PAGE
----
'Gades have eyes on Katrina

DON BRENNAN -- Ottawa Sun

, Last Updated: 8:43 AM ET

Supposedly fresh off their first bye week of the season, it was business as unusual for the Renegades yesterday.

Before their first full practice at the University of Ottawa (where they will be again today while workers piece together the upheaval left by a Rolling Stones concert at Frank Clair Stadium), the players were told to forget protocol and keep their cellphones on during team meetings.

After the workout, they huddled together as one for a team prayer at the suggestion of coach Joe Paopao. "That's the first time I've ever done that after a practice," he said later.

The reasons had nothing to do with their remaining nine games, the tenuous hold on second place or the upcoming showdown with the Montreal Alouettes Friday.

No, the phone rule was changed and the call above placed in response to personal rather than professional matters.

The fathers of two Ottawa players are ill, one in grave condition after a surgery Paopao is all too remorsefully familiar with. It is similar to the procedure a brother of his had before he died.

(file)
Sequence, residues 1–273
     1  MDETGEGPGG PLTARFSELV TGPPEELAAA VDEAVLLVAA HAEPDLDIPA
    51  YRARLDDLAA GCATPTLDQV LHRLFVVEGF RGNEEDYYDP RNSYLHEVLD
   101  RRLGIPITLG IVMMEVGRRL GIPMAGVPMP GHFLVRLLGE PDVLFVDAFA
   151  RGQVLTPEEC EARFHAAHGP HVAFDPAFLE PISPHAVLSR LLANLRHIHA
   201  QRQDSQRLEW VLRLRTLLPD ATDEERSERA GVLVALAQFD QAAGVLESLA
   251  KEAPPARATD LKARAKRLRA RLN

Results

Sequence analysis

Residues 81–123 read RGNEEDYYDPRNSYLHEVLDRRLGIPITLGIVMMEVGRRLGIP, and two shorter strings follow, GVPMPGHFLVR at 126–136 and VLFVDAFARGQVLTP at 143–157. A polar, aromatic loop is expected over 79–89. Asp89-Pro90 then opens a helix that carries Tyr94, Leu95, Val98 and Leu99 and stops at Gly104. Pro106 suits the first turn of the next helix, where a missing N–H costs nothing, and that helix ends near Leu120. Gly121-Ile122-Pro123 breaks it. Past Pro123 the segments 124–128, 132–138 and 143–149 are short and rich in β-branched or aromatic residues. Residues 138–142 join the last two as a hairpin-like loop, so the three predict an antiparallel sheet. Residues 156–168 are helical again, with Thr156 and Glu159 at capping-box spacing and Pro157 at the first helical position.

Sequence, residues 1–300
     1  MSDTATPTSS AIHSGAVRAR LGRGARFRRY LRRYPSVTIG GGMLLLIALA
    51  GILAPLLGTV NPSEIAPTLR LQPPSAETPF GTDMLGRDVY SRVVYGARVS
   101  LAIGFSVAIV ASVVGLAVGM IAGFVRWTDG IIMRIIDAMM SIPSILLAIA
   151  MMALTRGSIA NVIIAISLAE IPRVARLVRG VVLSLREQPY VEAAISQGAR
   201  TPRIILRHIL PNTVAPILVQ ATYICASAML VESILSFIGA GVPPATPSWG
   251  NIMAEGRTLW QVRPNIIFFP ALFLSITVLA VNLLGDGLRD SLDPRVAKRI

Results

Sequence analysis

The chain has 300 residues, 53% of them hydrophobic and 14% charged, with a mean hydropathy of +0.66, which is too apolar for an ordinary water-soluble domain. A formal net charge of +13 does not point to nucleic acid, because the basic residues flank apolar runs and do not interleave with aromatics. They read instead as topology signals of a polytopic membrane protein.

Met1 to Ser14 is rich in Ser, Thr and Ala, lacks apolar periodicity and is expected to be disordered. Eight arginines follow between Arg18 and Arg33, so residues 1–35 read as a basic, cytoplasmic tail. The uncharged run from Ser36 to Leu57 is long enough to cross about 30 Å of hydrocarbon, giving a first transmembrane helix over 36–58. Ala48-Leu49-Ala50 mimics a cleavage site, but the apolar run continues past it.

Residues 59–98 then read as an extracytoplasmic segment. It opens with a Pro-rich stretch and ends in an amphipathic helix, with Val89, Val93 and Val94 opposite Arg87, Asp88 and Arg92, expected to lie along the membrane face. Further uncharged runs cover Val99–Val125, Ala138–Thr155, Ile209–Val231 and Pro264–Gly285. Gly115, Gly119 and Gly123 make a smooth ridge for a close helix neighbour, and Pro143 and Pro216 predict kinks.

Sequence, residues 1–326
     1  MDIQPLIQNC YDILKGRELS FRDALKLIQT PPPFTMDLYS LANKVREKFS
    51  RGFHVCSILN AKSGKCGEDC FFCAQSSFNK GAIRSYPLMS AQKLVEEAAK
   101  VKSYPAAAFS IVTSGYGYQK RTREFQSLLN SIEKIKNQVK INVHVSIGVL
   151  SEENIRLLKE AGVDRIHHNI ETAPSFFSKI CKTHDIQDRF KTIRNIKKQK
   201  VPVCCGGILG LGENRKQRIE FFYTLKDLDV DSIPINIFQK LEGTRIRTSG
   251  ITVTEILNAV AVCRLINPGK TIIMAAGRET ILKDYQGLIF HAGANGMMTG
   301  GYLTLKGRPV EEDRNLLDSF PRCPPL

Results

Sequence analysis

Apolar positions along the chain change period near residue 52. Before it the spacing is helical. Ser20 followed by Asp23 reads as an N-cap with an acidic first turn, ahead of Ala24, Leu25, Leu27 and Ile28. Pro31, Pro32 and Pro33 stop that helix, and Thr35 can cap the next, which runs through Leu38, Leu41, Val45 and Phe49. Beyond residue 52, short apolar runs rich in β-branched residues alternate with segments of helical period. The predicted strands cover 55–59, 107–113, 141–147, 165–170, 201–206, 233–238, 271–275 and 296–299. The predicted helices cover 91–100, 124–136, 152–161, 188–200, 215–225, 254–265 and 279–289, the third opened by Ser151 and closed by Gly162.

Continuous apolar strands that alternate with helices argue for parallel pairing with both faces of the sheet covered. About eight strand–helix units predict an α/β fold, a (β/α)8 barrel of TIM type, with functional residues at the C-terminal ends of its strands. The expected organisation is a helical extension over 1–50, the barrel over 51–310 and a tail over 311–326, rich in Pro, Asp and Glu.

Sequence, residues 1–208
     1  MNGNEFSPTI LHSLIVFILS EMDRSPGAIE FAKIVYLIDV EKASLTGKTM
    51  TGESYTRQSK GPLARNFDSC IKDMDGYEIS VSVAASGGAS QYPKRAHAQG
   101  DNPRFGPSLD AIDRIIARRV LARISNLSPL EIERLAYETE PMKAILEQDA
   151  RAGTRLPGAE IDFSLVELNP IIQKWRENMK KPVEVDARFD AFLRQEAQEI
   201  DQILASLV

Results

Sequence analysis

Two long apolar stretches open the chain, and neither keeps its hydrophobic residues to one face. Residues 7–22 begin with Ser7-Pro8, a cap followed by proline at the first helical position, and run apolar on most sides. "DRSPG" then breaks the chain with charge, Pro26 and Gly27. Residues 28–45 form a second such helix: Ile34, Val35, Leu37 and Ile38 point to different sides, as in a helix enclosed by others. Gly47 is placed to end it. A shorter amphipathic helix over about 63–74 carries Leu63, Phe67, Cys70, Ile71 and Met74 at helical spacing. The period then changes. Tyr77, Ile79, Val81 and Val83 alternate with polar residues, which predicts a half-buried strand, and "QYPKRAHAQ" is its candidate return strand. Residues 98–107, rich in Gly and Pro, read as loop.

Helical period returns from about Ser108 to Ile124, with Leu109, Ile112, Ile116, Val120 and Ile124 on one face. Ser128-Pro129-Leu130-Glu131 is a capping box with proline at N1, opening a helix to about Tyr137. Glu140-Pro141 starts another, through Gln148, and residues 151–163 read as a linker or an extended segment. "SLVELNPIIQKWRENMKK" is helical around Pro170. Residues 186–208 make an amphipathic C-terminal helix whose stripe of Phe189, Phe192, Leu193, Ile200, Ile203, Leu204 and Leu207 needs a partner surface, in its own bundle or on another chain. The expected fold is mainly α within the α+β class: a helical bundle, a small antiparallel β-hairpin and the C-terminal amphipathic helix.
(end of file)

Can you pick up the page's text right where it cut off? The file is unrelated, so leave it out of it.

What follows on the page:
The Renegades also prayed for the victims of Hurricane Katrina, a storm that has touched a handful of the players and had them glued to the Weather Network.

Middle linebacker Keaton Cromartie, who is out for the season despite successful surgery on his left knee Aug. 18, will join his wife in Atlanta later this week. She and her family are there after fleeing from their new home in New Orleans east, a below-sea-level area Katrina hit hard.

"We're just hoping the house didn't get flooded," said Cromartie. "My wife was watching CNN and saw people standing on rooftops about three miles from where I live."

Linebacker Kyries Hebert's family is located 100 miles west of New Orleans, where there was less damage but a scare nonetheless.

"I have a home in Houston that my mom can drive to if she needs a good evacuation plan," said Hebert. "I just pray that everyone's okay. My family is my teammates family ... I hope they're all right."

JOSEPH RELIEVED

Quarterback Kerry Joseph also lives in New Orleans during the offseason and visited his home on the break. He was somewhat relieved that the storm turned east, away from the city, but is still concerned about friends he can't contact because the phone lines down.

"I've been watching (Katrina coverage) on TV all morning," said Joseph. "It's pretty scary ... I feel for the people now in Mississippi and Alabama. It's God's work. We've got to pray for everybody."

As for the things he can control, Joseph says he's ready for the second half of the Renegades season.

"The break gave us a a chance to relax," he said. "I feel rejuvenated."


Videos

Photos